170 Norfolk St., No. 16
LOWER EAST SIDE — What's in a starter home?
For a young couple considering buying their first apartment, this one-bedroom, one-bathroom Lower East Side co-op they saw Sunday largely fit the bill, offering space, light and character — including grey granite kitchen countertops, expansive southwest-facing windows and oak floors.
"The bathroom was nice," the 29-year-old dancer with her 34-year-old personal trainer companion.
Still, they remained uncertain by small details that were not necessarily deal-breakers, but merited closer consideration before making any decisions.
"I didn't expect it to be in the back," said the trainer of the co-op's entry, which runs through a locked alleyway and courtyard, so the building does not face the street.
Also, the stairs were a concern.
"I didn't expect it to be so many flights up," the woman said.
At the same time, the couple was keeping an open mind, they said, and knew that the idea of a perfect home was a myth.
"It's actually the first one we've even been to," the woman said of the open house.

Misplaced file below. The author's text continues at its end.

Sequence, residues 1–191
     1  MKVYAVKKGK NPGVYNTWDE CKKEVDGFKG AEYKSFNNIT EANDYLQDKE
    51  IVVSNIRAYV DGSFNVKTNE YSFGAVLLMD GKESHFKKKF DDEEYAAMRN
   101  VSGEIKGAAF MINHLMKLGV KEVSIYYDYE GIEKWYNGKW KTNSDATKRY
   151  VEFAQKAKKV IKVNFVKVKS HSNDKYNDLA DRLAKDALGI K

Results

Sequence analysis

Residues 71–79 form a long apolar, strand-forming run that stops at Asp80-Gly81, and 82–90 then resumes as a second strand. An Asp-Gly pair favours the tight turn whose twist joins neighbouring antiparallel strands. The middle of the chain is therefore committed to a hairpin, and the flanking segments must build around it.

Some house hunters, however, liked that the house was set back from the street and thought the shaded courtyard — which provided plentiful and safe bike storage — had the vibe of a hidden oasis.
One man told the broker that he enjoyed the quiet.
Though he would be a short walk from the area's hottest restaurants and bars — and close to transportation — he would not necessarily be kept awake at night by the neighborhood's noisiest elements, he said.
The Lower East Side "is one of the last neighborhoods in Manhattan where you can get a beautifully appointed one bedroom at a fantastic price," said Nadia Bartolucci, the Brown Harris Stevens broker handling the property along with Leslie O'Shea.
Another perk of the co-op — perhaps an unstated benefit — was its pet-friendliness: Not only were animals allowed in the two-building property, but this particular unit had an amenity for cats.
Indeed, the present owner apparently wrapped sisal rope around two prominent pipes in the main living area, making for giant scratching posts.
Some weren't entirely fond of felines, reacting to their presence at Sunday's showing well, rather cattily.
"Don't keep cats running around if your having an open house," said a 30-year-old woman. "You can see the litter box."
But would that deter her interest in the co-op?
No, she said.
Even despite her perceived "cons" — cats, allegedly low ceilings and a long entryway — she thought they were outweighed by its size and light.
"I know most of the sales that are going on right now around here," she said. "It's definitely a deal."